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December 17 is Anti-Bullying day, for this occasion A & O: Support Services for Older Adults and the Canadian Network for the Prevention of Elder Abuse are teaming up to announce an Anti-Bullying Campaign to help raise awareness of bullying of older adults.

In a recent Canadian study, the preliminary reports identified that 57% of English speaking older adult respondents reported being bullied in the last 4 months.

Traditionally, bullying awareness and prevention activities have been aimed at younger generations, even though bullying occurs across the life course and in areas where people congregate regularly. Minimal research has been done to understand the full prevalence of bullying among older adults, although there have been countless stories identifying conflicts in groups of older adults (either living together in a facility, or gathering on a regular basis).

Bullying (can also be seen as “harassment”) happens when a person or a group of people hurts, threatens, or scares a peer, either on purpose or unintentionally. Bullying is usually a repeated pattern of behaviours. People who experience bullying often have a difficult time defending themselves. With older adults, the underlying causes of bullying may be impacted by:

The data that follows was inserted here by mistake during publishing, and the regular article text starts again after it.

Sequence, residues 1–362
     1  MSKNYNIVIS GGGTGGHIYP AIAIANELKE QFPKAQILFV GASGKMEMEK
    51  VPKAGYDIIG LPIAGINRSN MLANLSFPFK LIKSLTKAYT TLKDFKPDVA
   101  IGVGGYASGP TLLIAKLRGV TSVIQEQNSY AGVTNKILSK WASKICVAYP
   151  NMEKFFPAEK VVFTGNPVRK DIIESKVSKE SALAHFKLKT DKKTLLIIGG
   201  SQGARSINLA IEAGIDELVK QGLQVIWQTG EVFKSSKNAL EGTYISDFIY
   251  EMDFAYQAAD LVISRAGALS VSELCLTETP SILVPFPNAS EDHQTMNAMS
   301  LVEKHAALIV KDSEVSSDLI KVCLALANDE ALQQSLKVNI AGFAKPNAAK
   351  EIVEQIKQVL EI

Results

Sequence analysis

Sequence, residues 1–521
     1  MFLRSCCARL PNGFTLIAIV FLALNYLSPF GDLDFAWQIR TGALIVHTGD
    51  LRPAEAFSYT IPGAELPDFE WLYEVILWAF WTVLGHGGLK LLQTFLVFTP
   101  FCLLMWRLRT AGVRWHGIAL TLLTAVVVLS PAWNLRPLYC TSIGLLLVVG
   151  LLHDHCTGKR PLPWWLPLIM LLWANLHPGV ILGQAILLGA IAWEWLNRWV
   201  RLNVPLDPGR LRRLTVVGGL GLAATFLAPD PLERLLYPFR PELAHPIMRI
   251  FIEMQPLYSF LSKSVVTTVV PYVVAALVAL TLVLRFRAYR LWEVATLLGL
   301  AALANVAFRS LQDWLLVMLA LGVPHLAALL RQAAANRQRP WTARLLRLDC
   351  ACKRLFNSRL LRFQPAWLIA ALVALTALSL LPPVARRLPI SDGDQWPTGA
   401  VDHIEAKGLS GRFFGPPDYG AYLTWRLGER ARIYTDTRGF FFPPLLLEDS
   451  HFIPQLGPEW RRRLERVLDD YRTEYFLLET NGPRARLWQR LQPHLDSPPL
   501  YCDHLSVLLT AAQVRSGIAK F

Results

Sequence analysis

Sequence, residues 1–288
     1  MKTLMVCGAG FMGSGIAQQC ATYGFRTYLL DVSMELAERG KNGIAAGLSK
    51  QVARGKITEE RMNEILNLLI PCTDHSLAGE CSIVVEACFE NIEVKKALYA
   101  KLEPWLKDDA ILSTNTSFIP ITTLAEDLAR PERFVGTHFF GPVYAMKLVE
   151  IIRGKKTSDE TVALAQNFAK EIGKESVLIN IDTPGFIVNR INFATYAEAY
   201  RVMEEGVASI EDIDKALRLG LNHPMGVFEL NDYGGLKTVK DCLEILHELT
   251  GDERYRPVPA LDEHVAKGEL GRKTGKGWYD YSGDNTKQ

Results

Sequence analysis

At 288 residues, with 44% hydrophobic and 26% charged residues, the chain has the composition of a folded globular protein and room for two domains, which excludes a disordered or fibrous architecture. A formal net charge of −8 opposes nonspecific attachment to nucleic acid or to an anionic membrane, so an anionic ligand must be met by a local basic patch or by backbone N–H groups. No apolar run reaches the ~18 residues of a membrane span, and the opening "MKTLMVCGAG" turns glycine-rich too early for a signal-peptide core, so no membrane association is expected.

• Loneliness and social isolation
  • Compounded losses (e.g. loss of: loved ones, family home, home community, independence, and changes in mobility, etc.)
  • Changes in mental health and well-being

Bullied older adults may experience social/emotional distress, self-harming behaviours, physical injury, depression/anxiety, sleep difficulties, isolation, lower self-esteem, and functional changes. People who’ve witnessed bullying may feel guilty for not intervening, experience a decrease in self-worth, reduced satisfaction with living environment or social program, and lose confidence in the ability of the facility/organization to protect them against bullying (leading to fear and disrespect). People who bully may be experiencing low self-esteem, a loss of control over one or more parts of their life, and are struggling to maintain some sense of control or power.  

Creating a supportive community environment, where people are comfortable identifying and challenging bullying behaviours, is vital to the overall health and quality of life for older Canadians. This can include:

  • Having clear guideline for facility/organization code of conduct and ways to address bullying behaviours
  • Teaching strategies to de-escalate situations to organization staff and participants/facility residents
  • Signage to promote kindness, civility, and the importance of inclusion
  • Communication that common spaces in buildings should be welcoming and safe for everyone
  • Increasing education and awareness through speakers, poster campaigns, discussion groups, etc.

Even with guidelines and supports in place, it can be difficult for some to navigate social situations. There are organizations in Manitoba that can help people that are struggling with bullying in social circles.

By increasing awareness of bullying and providing education, supports, and resources to prevent bullying, we can help older adults can live healthier, happier lives. This is why A&O and CNPEA are working together to start the discussion on December 17, and will be launching a larger campaign on Pink Shirt Day (February 26, 2020).  Stay tuned.


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